Growth-hormone-releasing hormone ELISA Kit (DEIABL232)

Regulatory status: For research use only, not for use in diagnostic procedures.

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Size
2x96T
Sample
biological matrices
Species Reactivity
human
Intended Use
The GHRH ELISA kit is competitive enzyme immunoassay technique for in vitro quantitative measurement of GHRH in biological mtrices. This user-friendly assay design utilizes high specific monoclonal antibody to capture GHRH in sample competitively in presence of biotinylated GHRH.
Storage
Store the unopened kit at 2-8°C.
Precision
Intra-assay precision (CV%): 6% - 14%. Inter-assay precision (CV%): 16%.
Detection Limit
7.3 pg/mL

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References


Untreated adult GH deficiency is not associated with the development of metabolic risk factors: a long-term observational study

JOURNAL OF ENDOCRINOLOGICAL INVESTIGATION

Authors: Gasco, V.; Roncoroni, L.; Zavattaro, M.; Bona, C.; Berton, A.; Ghigo, E.; Maccario, M.; Grottoli, S.

Purpose Uncertainties exist about the predictors of the severity of the clinical picture of GH deficiency (GHD) syndrome. Aim of the study was to evaluate, in adult patients with GHD, the predictors of the development of hypercholesterolemia, hypertension, diabetes mellitus, and osteoporosis. Methods We retrospectively studied 327 adult patients (age 47.1 +/- 17.1 years) with untreated severe GHD (mean follow-up 110.9 +/- 56.8 months). GHD was defined by GHRH + arginine test using BMI cut-offs. The possible development of hypercholesterolemia, hypertension, diabetes mellitus, and osteoporosis was investigated by Kaplan-Meier survival analysis. For each clinical outcome, either a univariate or multivariate analysis according to the Cox proportional-hazards model was performed to identify those factors that were associated with the development of the event. Results GH secretion parameters were not associated with the outcomes. Hypercholesterolemia was positively and negatively predicted by a BMI >= 30 kg/m(2) (HR 2.50, p 0.00) and the dose of l-thyroxine possibly in place (HR 0.98, p 0.02), respectively. Hypertension was positively predicted by a BMI >= 30 kg/m(2) (HR 2.64, p 0.00) and IGF-I SDS values (HR 2.26, p 0.00). Diabetes mellitus was positively predicted by hypertension (HR 11.76, p 0.01). Osteoporosis was positively and negatively predicted by hypercholesterolemia (HR 3.25, p 0.01) and hypertension (HR 0.21, p 0.00), respectively. Conclusions The severity of the impairment of GH secretion does not predict the development of the clinical picture of GHD syndrome: untreated adult GHD does not increase the development of metabolic risk factors in hypopituitaric patients.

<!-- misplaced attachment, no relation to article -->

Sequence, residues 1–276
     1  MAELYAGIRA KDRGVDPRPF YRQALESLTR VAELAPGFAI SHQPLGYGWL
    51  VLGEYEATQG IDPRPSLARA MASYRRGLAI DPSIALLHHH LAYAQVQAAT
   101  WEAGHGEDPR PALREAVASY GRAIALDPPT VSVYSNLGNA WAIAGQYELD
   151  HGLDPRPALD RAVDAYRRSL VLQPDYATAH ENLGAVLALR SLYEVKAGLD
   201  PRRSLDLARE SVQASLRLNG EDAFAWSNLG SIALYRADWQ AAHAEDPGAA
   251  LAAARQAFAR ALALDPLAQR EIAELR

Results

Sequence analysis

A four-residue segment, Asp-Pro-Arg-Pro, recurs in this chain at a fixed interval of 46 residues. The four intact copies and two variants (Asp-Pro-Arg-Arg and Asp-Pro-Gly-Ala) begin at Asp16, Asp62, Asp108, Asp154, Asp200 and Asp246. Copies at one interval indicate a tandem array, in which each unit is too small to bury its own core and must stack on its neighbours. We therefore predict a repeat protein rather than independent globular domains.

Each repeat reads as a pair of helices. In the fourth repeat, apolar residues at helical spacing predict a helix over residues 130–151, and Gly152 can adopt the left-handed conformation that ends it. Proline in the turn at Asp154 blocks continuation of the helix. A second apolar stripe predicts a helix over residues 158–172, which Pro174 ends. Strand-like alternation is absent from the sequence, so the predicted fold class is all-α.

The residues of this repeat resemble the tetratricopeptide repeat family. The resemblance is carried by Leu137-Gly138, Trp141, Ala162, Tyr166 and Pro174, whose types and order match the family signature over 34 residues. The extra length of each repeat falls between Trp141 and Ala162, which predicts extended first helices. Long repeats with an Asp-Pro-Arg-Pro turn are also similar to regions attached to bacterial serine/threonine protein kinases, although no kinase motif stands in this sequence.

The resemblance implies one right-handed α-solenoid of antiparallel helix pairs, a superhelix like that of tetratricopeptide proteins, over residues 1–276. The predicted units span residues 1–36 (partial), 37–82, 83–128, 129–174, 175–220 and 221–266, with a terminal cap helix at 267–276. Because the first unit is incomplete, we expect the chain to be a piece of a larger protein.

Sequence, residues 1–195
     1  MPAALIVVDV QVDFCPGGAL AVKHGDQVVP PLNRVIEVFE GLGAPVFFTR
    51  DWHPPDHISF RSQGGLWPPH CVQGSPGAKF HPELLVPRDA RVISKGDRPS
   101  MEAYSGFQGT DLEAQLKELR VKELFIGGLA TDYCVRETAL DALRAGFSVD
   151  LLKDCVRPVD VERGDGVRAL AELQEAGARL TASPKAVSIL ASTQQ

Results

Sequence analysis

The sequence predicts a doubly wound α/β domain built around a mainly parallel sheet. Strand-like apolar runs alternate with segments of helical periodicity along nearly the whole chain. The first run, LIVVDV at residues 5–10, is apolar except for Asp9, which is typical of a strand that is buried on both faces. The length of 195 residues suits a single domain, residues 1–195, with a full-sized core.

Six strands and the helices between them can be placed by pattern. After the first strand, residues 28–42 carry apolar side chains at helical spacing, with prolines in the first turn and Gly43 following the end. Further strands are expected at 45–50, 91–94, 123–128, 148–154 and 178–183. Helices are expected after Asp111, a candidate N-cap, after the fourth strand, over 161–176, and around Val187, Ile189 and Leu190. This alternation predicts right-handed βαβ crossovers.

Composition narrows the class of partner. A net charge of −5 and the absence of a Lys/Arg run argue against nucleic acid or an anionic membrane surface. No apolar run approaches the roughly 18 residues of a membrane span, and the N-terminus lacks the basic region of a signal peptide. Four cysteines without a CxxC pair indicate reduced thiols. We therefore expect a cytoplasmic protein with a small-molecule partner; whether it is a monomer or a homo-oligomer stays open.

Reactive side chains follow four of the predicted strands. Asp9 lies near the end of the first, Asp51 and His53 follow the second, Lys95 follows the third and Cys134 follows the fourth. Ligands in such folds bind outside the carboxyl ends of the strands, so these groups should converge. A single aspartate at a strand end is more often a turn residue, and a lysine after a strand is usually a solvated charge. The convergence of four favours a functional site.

Cross-talk between GHRH and EGFR in triple-negative breast cancer cells

FEBS JOURNAL

Authors: Vacas, E.; Valenzuela, P.; Schally, A. V.; Carmena, M. J.; Prieto, J. C.; Bajo, A. M.

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